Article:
One of the biggest things I face everyday is the fact that people assume since I’m home all day, I’m bored/not busy/want something to do. So, throughout the day, I get ton of “let’s just chat” phone calls, requests to go to lunch, and “can you do this for me?” emails. It is really easy to be pulled away from my work if I’m not careful.
To combat this problem, I have learned to do certain things:
First, convince yourself that you have a “real” job. You would think that would be the easy part, right? Unfortunately, since you conceivably have all the time in the world to work, it is easy to get in a routine of not working. My last WAHM post talked about scheduling and procrastination, but there’s more to it than that. It’s more a way of presenting yourself to yourself.
Act like you have to go outside your home to your job. I do this by waking up every morning when my husband does. No laying around in bed for me. I check my email first thing over a cup of coffee, and schedule my day. Then, as soon as the bathroom is free, I jump in the shower and get fully dressed just like I would if I had to go out the door.
I know a lot of people want to work at home because they can spend the day in their pajamas. That’s all well and good if it works for you, but it doesn’t work for me. I don’t feel professional, and it’s easier to get distracted.
I’ve also set up a studio inside my home. It is conducive to having children “work” with me, but it is a physical space in which I conduct my business. There will be more about this in a later post.
Second, convince your family. In theory, your family should already be on board. I’m sure you discussed your business with your partner and kids. You probably either decided to help the household income, or you wanted to leave your job to be home with your kids. That doesn’t mean your family has any idea how much work you will be putting into your job.
Sit down with your partner and show him/her your schedule. Explain to them that you must both treat what you do as a “real” job. Show them how they can help. In my case, I had to show him how much I time it takes to do each thing, and ask for specific help. For example, “I have to spend at least 3 hours a day sewing in order to have enough inventory for the spring craft shows. Can you help me find some more time by drying the dishes after supper?”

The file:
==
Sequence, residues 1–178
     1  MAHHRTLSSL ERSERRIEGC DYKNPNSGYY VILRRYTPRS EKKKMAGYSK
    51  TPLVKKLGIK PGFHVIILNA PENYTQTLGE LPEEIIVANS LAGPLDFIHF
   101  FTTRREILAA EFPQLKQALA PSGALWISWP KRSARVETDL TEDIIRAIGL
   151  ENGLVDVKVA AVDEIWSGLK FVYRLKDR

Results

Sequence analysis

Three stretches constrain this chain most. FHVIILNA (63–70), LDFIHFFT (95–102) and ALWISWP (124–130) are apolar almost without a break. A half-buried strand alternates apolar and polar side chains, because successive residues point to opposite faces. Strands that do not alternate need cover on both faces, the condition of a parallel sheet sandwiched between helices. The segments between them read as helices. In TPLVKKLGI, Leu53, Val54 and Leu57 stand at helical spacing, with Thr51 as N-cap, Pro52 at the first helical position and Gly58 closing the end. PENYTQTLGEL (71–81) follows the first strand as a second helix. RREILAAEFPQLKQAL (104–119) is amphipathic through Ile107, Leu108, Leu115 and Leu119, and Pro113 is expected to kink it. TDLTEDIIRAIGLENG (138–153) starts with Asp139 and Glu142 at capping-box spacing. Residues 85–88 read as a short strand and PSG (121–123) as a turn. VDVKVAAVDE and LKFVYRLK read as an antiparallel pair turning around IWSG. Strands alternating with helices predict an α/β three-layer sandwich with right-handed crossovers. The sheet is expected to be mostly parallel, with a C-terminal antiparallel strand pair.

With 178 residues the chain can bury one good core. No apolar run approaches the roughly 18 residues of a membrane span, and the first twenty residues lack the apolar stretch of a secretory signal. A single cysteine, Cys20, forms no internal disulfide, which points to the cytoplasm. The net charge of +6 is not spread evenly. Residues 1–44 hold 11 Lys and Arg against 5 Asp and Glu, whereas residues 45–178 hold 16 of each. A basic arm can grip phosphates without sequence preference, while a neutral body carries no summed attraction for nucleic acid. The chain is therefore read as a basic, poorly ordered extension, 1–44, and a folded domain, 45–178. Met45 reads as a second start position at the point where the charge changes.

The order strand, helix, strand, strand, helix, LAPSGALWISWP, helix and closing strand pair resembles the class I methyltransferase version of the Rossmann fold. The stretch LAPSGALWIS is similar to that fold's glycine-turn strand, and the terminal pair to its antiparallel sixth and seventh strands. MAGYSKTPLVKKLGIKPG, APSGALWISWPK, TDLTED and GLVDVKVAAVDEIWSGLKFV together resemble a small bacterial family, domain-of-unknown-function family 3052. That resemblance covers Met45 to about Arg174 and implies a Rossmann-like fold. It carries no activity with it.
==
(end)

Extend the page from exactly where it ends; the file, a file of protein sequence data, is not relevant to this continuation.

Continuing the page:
Your children will distract you. That’s a given. But, you can control that to some extent, also. Make sure you give yourself plenty of time to spend with your kids. I schedule time in, but I also have the baby “help” with the chores. I also try to include my 9 year old in the business as much as possible. He makes magnets for me, and gets to keep whatever money is made from them. Kids enjoy helping if it’s presented as fun or lucrative.
Finally, present yourself as a working mom outside the home. Yes, you are home all day with your child, but that doesn’t mean you are not a working mom. Your job just has “bring your kid to work day” everyday.
When people ask what you do, tell them you run your own business, or work for X company if you telecommute. If you’ve been a stay at home mom for a while, tell everyone you got a job.
Learn to set times when you can take personal calls, answer personal emails or hang out with friends. That is what you would do if you were at a corporate job, use that practice in your business. If you have to, make a “no personal email on company time” policy. Then give yourself a lunch break for those types of things.
Above all else, remember, your business is your “real” job. If you think of it as anything else, you won’t do as well as you could.